The opinion of the court was delivered by: Landya McCafferty United States Magistrate Judge
Before the court is the petition for writ of habeas corpus (doc. no. 1), filed by pro se petitioner, Kerry Kidd. The matter is here for preliminary review to determine whether or not the claims raised in the petition are facially valid and may proceed. See Rule 4 of the Rules Governing Section 2254 cases in the United States District Courts ("§ 2254 Rules").
Pursuant to § 2254 Rule 4, a judge is required to promptly examine any petition for habeas relief, and if "it plainly appears from the petition and any attached exhibits that the petitioner is not entitled to relief in the district court, the judge must dismiss the petition." Id. In undertaking this review, the court applies a standard analogous to that used in reviewing a motion to dismiss filed under Fed. R. Civ. P. 12(b)(6). The court decides whether the complaint contains sufficient factual matter, accepted as true, to state a claim to relief that is plausible on its face and cognizable in a petition for federal habeas relief. See Love v. Butler, 952 F.2d 10, 15 (1st Cir. 1991) (habeas petition was properly dismissed on the merits sua sponte, where petitioner's arguments were readily resolved without resort to transcript, and district court had access to pertinent documents filed with petition including parties' state court briefs and state court decision); see also Ashcroft v. Iqbal, ___ U.S. ___, ___, 129 S. Ct. 1937, 1949 (2009) (standard of review applicable in determining if complaint states viable claims); cf. Day v. McDonough, 547 U.S. 198, 209-10 (2006) (holding that, as with exhaustion, district court may sua sponte raise statute of limitations and dismiss habeas petition, after providing parties with notice and opportunity to respond).
The court undertakes this preliminary review of the petition with due consideration for the petitioner's pro se status. "As a general rule, we are solicitous of the obstacles that pro se litigants face, and while such litigants are not exempt from procedural rules, we hold pro se pleadings to less demanding standards than those drafted by lawyers and endeavor, within reasonable limits, to guard against the loss of pro se claims due to technical defects." Dutil v. Murphy, 550 F.3d 154, 158 (1st Cir. 2008).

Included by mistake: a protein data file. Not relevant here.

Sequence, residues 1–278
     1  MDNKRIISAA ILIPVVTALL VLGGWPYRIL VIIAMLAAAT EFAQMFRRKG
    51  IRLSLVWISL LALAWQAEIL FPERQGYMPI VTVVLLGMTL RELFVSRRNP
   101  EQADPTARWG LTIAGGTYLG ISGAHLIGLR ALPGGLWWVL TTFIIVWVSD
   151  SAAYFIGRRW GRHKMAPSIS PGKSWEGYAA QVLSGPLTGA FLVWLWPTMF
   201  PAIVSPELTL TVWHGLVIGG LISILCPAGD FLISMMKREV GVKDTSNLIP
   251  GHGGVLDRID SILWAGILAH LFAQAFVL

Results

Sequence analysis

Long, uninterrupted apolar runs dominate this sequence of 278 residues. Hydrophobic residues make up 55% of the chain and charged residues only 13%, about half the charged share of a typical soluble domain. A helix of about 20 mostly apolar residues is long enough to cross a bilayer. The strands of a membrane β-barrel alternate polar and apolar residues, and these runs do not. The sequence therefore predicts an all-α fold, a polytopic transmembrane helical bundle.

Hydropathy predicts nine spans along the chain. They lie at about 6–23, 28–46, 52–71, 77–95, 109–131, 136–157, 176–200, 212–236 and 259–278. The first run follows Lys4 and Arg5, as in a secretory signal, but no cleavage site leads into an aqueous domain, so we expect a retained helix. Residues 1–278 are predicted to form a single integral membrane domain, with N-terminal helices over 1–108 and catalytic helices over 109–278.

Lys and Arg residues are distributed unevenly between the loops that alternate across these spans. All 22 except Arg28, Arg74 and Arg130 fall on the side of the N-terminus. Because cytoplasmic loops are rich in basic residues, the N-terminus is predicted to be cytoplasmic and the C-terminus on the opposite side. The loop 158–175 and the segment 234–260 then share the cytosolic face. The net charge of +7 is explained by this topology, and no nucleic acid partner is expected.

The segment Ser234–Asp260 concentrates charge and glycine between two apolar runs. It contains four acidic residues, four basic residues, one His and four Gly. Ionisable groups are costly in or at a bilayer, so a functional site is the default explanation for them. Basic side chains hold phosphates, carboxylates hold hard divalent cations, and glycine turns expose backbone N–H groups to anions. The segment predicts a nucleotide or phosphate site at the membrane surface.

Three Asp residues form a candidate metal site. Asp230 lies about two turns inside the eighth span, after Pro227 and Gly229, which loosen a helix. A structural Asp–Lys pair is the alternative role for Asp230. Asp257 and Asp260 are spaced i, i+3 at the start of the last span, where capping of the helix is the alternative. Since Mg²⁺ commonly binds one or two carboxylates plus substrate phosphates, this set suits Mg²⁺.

In 2006, Kidd was charged with aggravated felonious sexual assault on a minor. The witnesses who testified at trial included the victim and Kidd's estranged wife. Attorney Lee Topham represented Kidd at trial. Kidd asserts in this petition that Topham provided ineffective assistance of counsel, as specified more fully herein.
A jury convicted Kidd in September 2006, and the court sentenced Kidd to ten to twenty years in prison. The New Hampshire Supreme Court ("NHSC") affirmed Kidd's conviction on December 21, 2007, in NHSC case no. 2007-0151.
Kidd filed a motion for a new trial on January 22, 2008, asserting that Attorney Topham had provided ineffective assistance of counsel. Kidd offered expert testimony and other evidence in connection with his motion in an effort to show that counsel's performance had been so deficient as to violate the standard set in Strickland v. Washington, 466 U.S. 668 (1984). The superior court in Grafton County denied the motion on June 8, 2009.
Kidd appealed the order denying a new trial to the NHSC. In his appellate brief, Kidd cited the state and federal constitutions in arguing that trial counsel's deficient performance had deprived Kidd of a fair trial. In particular, Kidd cited the following claimed deficiencies: (1) counsel failed to cross-examine witnesses and failed to adequately highlight discrepancies between the witnesses' out-of-court statements and their testimony at trial; and (2) counsel failed to object to the prosecutor's and trial court's use of the term "victim" during jury selection and at trial. The NHSC issued an opinion on August 31, 2010, affirming the order denying a new trial. See State v. Kidd, No. 2009-0453 (N.H. Aug. 31, 2010).
Kidd filed the instant petition for federal habeas relief in July 2011. The petition includes the following claims asserting that trial counsel's performance failed to meet the benchmark set in Strickland v. Washington, 466 U.S. 668 (1984), and thus violated his Sixth Amendment right to effective assistance of counsel at trial*fn1
1. Counsel failed to cross-examine witnesses and failed to adequately highlight discrepancies between out-of-court statements and testimony at trial;
2. Counsel failed to object to the prosecutor's and trial court's use of the term "victim" during ...